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A Pox on Rosenbaum



Once again your movie critic makes some terrible errors. In his review of Pocahontas [June 30], he talks about the "genocide" of Native Americans by Europeans and cites the massive decline in population between 1500 and 1550 among indigenous peoples as evidence. What he didn't mention was that the big killer was disease--smallpox, in particular. Reading the various accounts of the war between the Aztecs on one side and the Spanish and their native allies on the other, one of the big factors in the Aztec defeat was smallpox--a massive epidemic swept the Aztec empire during the war. And, when speaking of Cortes's invasion, he misses the point that Cortes had only 500 men when he invaded--the vast majority of the manpower that defeated the Aztec empire was native, as a reading of any of the accounts of the conquest would make abundantly clear. Cortes was uncannily good at manipulating the grievances of native peoples for his own ends--few of his allies suspected that they were fighting the Aztec empire to become vassals of Spain instead. If your critic wants to broaden his knowledge of this part of history, I suggest he read one of the many books on the subject, or that he come down to one of the various universities in the Chicago area and talk to some historians. (I bought the myths on Cortes until I took Latin American Civilization at the University of Chicago: Professor Katz and Emilliano Corral, one of his TAs, were very good at getting out the facts instead of the myths.)

This is not to say that all the conquistadors were good guys--far from it. Aside from Cortes and a few of his associates, they were often brutal thugs--Pizarro, the conqueror of Peru, fits the "genocidal" stereotype far better than Cortes. And Cortes himself wasn't all smiles and sunshine--he was a ruthless individual. But they were not proto-Nazis who arrived on the shores of the New World with plans for a "Final Solution."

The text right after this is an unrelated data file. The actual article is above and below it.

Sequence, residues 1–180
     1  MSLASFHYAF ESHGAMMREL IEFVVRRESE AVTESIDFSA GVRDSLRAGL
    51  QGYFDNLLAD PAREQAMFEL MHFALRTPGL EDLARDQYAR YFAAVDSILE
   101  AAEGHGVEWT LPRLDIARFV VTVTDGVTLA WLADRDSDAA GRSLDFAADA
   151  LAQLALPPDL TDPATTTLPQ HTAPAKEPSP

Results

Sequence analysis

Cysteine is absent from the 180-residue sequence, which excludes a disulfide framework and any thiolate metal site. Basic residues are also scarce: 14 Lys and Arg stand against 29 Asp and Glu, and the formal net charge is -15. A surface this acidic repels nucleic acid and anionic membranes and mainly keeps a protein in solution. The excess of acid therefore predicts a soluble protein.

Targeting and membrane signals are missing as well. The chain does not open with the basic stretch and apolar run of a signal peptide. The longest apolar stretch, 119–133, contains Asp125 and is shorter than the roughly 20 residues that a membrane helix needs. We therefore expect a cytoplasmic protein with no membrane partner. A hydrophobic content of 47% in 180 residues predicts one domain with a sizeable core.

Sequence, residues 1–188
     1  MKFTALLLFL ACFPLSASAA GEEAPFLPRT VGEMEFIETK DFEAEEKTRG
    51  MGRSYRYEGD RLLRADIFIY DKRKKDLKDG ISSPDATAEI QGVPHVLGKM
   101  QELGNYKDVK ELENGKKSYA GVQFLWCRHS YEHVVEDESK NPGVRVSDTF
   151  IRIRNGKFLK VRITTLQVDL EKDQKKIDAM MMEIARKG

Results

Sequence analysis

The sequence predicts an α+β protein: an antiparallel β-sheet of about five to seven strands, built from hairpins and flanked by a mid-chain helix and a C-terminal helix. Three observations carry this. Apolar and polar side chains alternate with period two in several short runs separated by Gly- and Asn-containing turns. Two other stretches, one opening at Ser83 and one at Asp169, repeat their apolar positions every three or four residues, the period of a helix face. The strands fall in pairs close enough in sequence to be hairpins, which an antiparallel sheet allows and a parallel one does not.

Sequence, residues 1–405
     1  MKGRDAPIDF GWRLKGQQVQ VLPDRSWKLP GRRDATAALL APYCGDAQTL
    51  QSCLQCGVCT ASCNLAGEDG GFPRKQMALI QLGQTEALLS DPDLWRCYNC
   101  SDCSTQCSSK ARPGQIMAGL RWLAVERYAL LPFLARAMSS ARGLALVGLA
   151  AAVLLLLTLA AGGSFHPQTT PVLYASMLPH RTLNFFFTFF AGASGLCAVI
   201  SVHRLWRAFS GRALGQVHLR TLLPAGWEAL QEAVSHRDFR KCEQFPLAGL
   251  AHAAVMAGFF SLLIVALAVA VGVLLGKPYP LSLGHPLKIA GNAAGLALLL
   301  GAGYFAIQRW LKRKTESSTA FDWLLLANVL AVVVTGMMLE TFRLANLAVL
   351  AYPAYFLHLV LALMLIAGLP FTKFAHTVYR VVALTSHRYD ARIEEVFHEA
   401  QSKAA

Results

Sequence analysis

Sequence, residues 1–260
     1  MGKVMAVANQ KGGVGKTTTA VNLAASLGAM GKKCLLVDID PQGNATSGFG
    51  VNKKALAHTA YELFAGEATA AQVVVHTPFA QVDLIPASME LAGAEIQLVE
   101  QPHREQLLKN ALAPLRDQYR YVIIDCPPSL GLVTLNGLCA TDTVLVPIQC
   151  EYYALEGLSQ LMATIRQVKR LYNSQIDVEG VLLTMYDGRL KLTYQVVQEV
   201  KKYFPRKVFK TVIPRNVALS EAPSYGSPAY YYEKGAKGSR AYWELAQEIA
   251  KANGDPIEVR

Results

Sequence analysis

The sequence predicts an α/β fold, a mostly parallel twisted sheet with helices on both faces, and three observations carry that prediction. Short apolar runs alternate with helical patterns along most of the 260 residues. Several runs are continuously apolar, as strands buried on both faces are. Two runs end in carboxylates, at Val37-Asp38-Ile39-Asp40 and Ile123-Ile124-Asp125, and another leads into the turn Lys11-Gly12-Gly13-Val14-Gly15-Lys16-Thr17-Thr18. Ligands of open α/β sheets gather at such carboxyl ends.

On the plus side, I was glad to see him correct some of the myths about Pocahontas and reveal the error in Braveheart about Edward II's wife [Letters, June 30]. He missed another one--pikes were around long before William Wallace. The scene where Wallace looks up at the trees and comes up with the idea of pikes is great in a movie, but historically inaccurate. Perhaps he can mention this when he apologizes to Cortes.

Marty Busse


Jonathan Rosenbaum replies:

As far as I'm concerned, smallpox is merely one of the countless aspects of the genocide of Native Americans by Europeans that I alluded to, not an alternative explanation, and my passing reference to Cortes, misleading or not, was merely passing along information cited in Todorov's The Conquest of America. Regarding Braveheart, I've neither seen nor reviewed the film, so the person who should be thanked in this connection is Anthony Puccinelli.

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